Study of Learning Disorders: Evidence for MI Theory?

study of the relationship between learning disorders and intellectual profiles, published in February 2017 in the journal Clinical Psychological Science, lends further empirical support to the theory of multiple intelligences.

Written by Enrico Toffalini, David Giofrè, and Cesare Cornoldi, the study sampled over 1,000 children diagnosed with specific learning disorders, revealing partial differences in intellectual profiles between subgroups.

Gardner commented on this finding, saying:

This large study of students with specific learning disabilities provides evidence for distinct multiple intelligences. Each of the four profiles has a revealing mixture of strengths and weaknesses. The study is especially notable because it focuses on difficulties in school—an institution which typically valorizes only linguistic and logical-mathematical intelligences. One can readily assume that if one looks across the range of profiles of strengths and weaknesses, both in and outside of school, equally distinctive profiles would emerge.

A PDF of the article is available here via the Association for Psychological Science.

Thought Beyond Language

Notes by Howard Gardner

One of the most heated debates in the cognitive sciences revolves around the question of whether other cognitive capacities are dependent upon the structure and functioning of language,  or whether cognitive capacities in, say, music or number have an independent history and mode of representation.  This study provides suggestive evidence that the capacity to carry out syntactic operations (adding, deleting, transforming, reordering) operates independently in language and algebra.  Indeed, one could argue that the study achieves the ‘gold standard’ in this area. One can be competent with linguistic operations but not algebraic ones, or competent with algebraic operations but not linguistic ones.  And it therefore implies that perhaps syntax in music also operates independently.

It should be noted, however, that the apparent independence of these two forms of syntactic operations does not prove that they evolved or developed independently.  It is possible that, at its origins, syntactic operations are similar or even identical across different contents, and only gradually achieve structural or functional autonomy.  What seems more likely, in light of this finding, is that other forms of mathematical thinking; for example, that involved in geometric or topological thinking, is quite remote from ordinary language use. And so, in a small way, the results of this study are supportive of the central ideas in MI theory.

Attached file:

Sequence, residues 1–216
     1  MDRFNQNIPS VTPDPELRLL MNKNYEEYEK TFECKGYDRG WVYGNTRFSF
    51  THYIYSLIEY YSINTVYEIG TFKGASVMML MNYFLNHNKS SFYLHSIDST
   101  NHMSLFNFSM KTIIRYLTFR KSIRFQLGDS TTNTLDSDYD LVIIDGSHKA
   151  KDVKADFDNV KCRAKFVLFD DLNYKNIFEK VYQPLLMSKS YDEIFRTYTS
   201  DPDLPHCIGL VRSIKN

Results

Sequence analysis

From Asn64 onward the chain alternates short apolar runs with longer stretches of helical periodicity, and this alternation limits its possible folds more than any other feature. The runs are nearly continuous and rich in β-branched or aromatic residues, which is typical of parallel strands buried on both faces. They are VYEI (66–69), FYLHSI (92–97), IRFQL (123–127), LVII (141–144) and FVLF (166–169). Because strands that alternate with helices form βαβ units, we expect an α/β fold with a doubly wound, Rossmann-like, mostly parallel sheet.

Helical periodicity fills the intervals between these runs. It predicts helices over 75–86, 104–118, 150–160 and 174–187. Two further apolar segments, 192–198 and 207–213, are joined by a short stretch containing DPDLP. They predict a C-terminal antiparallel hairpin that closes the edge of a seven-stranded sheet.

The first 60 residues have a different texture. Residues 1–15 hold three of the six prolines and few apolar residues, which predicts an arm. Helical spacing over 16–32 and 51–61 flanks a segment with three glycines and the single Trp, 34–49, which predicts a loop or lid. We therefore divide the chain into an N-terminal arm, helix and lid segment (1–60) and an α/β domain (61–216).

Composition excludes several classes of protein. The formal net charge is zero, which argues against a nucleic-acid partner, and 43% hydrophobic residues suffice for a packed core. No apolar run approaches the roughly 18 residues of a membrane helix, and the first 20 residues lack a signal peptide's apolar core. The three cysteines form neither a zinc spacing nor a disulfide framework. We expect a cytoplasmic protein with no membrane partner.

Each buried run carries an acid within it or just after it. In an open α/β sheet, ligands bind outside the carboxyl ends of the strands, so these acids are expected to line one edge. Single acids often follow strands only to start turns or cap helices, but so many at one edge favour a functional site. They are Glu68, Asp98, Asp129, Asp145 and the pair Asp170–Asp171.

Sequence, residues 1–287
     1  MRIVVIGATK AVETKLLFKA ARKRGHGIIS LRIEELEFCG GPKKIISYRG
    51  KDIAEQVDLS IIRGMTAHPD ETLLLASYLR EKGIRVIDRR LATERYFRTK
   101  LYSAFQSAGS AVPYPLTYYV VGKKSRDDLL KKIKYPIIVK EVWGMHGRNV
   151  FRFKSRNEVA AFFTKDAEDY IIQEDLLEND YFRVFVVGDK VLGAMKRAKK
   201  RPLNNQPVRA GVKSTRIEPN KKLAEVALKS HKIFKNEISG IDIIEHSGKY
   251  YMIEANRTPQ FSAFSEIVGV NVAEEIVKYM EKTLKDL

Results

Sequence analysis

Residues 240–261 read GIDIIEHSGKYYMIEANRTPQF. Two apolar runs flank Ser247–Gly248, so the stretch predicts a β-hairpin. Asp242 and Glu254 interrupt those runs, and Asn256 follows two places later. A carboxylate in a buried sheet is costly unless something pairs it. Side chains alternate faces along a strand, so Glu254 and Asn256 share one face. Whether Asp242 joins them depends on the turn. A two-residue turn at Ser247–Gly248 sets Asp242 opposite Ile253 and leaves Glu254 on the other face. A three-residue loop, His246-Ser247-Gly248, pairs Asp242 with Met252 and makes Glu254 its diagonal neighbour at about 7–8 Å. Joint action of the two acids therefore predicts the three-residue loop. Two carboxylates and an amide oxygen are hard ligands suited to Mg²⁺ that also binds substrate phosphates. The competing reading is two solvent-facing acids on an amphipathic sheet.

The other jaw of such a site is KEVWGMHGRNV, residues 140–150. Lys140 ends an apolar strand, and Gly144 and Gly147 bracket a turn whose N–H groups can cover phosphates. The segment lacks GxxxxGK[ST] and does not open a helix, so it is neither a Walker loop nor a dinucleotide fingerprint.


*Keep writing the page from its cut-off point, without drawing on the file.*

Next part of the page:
To read the article in its entirety click here.

The Brain’s Social Network

Notes by Howard Gardner

In recent years, evidence has accumulated that the practice of certain skills actually enhances the size of the brain areas dedicated to the particular skills-in-question.  We know that a regimen of juggling enhances motor cortex, even as, in a pre-GPS era, London cab drivers had larger hippocampi. Furthermore, if you stop juggling, the enhanced motor areas eventually shrink back to their earlier size.

The present study provides evidence that, in monkeys, the amount of social exposure (exposure to other monkeys) increases the size of cortex dedicated to social processing. In MI terms, we can say that enhanced interpersonal exposure has neural consequences and, by argument, also increases interpersonal intelligence. Note that it is possible, these days, to control the environment of monkeys in a way that we would not be allowed to do with human beings of any age. The authors go on to speculate that perhaps dedicated engagement with Facebook, or other social media, might also be reflected in the psychology and neurology of the individual(s) involved. I’d point out, however, that sheer contact with loads of members of your species does not equate with deeper or more appropriate knowledge of those individuals—be they monkeys or other primates.  In some cases, more neurons simply means, more neurons.

To read the article in its entirety, click here.